While Israel has always been an apartheid state, the actions of the current coalition government—which many Israelis themselves have described as fascist—aim to cement the regime of Jewish supremacy even further. Even in the US and Canada, two of Israel’s most unwavering allies, it has been impossible to hide the fascist politics of powerful people in the coalition government. Itamar Ben-Gvir, current Minister of National Security, used to hang a portrait of mass murderer and terrorist Baruch Goldstein in his living room. Bezalel Smotrich, current Minister of Finance and administrator of the occupied West Bank, has described himself as a “homophobe, racist [and] fascist” and denied the existence of the Palestinian people.

At the same time, pogroms in towns like Huwara have effectively been endorsed by the state, even though Prime Minister Benjamin Netanyahu publicly criticized settler extremists for “taking the law into their own hands.” Smotrich, meanwhile, celebrated the Huwara pogrom and called for the town to be “wiped out” by the Israeli army.

Recently, government attempts to strip power from the judiciary were met with unprecedented protests across Israel. While the reforms have been delayed, Netanyahu has given concessions to the extreme right in order to stay in power, such as allowing Ben-Gvir to create a “national guard” under his control, which critics have labelled a private militia.

By allying with the likes of Ben-Gvir and Smotrich, Netanyahu has taken the country so far to the right that he appears to be causing tensions with Israel’s most powerful backers in the West. The recent article in Foreign Affairs shows how this tension is influencing the thinking of an element of the US foreign policy elite.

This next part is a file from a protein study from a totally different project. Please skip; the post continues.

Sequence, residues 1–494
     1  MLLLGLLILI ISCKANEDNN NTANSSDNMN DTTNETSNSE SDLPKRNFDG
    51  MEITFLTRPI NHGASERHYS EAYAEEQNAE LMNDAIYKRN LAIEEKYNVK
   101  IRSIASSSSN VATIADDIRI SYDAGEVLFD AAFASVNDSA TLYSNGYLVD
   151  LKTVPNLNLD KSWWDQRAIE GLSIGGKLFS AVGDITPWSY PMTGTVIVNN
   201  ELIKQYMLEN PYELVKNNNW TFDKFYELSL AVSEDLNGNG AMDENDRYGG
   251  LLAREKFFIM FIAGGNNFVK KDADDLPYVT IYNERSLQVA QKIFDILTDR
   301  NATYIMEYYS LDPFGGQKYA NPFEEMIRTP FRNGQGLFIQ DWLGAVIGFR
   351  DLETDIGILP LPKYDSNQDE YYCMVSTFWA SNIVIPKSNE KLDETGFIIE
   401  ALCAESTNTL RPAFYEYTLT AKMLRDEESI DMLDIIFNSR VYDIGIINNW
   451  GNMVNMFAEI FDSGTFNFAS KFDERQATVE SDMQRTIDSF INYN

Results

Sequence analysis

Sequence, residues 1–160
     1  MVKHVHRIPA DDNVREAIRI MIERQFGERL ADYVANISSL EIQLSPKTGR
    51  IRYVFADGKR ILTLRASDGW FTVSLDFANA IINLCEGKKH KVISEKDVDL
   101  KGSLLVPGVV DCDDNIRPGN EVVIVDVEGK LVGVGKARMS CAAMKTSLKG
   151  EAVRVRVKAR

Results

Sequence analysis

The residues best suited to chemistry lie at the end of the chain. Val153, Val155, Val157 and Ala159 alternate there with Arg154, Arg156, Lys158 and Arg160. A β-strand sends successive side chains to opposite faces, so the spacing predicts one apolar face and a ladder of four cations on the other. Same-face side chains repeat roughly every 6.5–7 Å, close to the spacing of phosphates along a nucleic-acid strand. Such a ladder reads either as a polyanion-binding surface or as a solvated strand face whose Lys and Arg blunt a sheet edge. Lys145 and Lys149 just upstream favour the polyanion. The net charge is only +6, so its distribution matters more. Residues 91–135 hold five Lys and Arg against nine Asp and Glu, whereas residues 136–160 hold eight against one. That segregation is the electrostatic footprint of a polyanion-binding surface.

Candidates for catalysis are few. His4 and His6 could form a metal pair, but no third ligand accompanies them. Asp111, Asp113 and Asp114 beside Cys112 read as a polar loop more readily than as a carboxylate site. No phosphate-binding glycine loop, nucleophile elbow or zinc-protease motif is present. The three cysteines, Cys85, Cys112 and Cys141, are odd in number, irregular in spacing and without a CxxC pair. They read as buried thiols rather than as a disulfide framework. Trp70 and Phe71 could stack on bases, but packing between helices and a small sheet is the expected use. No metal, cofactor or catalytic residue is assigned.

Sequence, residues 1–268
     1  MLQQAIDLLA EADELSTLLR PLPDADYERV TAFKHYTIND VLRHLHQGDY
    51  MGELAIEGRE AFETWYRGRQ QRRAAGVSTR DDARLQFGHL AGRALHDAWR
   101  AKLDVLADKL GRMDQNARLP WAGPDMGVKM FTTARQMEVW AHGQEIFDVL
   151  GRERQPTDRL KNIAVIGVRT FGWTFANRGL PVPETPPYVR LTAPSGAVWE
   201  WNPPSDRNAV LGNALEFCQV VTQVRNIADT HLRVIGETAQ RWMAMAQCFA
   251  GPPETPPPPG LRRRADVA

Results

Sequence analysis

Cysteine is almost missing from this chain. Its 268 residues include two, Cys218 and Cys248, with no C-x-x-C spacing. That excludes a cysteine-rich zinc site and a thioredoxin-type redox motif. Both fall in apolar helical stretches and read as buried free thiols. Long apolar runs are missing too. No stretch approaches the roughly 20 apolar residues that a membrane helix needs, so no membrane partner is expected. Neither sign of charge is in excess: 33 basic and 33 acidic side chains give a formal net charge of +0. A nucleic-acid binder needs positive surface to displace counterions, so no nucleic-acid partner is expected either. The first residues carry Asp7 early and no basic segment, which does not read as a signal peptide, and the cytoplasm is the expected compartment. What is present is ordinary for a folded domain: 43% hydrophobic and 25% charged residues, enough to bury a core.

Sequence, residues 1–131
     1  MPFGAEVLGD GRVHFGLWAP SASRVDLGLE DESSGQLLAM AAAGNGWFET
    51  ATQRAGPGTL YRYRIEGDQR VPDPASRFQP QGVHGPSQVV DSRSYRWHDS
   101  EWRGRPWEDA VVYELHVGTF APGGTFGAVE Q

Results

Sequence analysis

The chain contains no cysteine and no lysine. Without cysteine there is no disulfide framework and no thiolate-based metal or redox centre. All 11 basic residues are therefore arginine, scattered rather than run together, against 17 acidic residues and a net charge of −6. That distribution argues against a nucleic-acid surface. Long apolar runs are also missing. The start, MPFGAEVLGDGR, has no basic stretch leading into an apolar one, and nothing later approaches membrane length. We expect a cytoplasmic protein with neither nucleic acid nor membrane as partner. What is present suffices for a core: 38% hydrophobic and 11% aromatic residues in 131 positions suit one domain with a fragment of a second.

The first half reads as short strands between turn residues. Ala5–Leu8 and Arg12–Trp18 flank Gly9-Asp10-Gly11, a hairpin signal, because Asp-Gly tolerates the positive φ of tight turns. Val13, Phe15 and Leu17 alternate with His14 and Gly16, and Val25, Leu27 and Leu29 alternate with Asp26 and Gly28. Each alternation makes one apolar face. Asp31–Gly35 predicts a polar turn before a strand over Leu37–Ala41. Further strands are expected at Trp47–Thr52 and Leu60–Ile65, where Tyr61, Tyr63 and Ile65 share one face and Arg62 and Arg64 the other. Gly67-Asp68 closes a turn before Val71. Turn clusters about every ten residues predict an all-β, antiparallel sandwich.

Co-authored by four professors from George Washington University and the University of Maryland, two of whom are senior fellows at the Carnegie Endowment for International Peace and the Brookings Institution, the article begins:

Prime Minister Benjamin Netanyahu’s return to power in Israel with a narrow, extreme right-wing coalition has shattered even the illusion of a two-state solution… it is no longer possible to avoid confronting a one-state reality. Israel’s radical new government did not create this reality but rather made it impossible to deny. The temporary status of “occupation” of the Palestinian territories is now a permanent condition in which one state ruled by one group of people rules over another group of people.


The authors acknowledge that “Palestinians are permanently treated as a lower caste” in all areas under Israeli rule. They assert:

Policymakers and analysts who ignore this one-state reality will be condemned to failure and irrelevance, doing little beyond providing a smokescreen for the entrenchment of the status quo… Some implications of this one-state reality are clear. The world will not stop caring about Palestinian rights, no matter how fervently many supporters of Israel (and Arab rulers) wish they would. Violence, dispossession, and human rights abuses have escalated over the last year, and the risk of large-scale violent confrontation grows with every day that Palestinians are locked in this ever-expanding system of legalized oppression and Israeli encroachment.


The authors criticize Joe Biden for being totally committed to the status quo, doing nothing beyond “crisis management and mouthing displeasure.” As this is a Foreign Affairs article, their criticism is rooted in concern for US global standing, and the implications of Israel’s extreme-right turn on American interests in the region. In one passage, they write that the Netanyahu-led coalition government will likely incite “profound instability” in West Asia, “and a challenge to [the US government’s] broader global agenda.”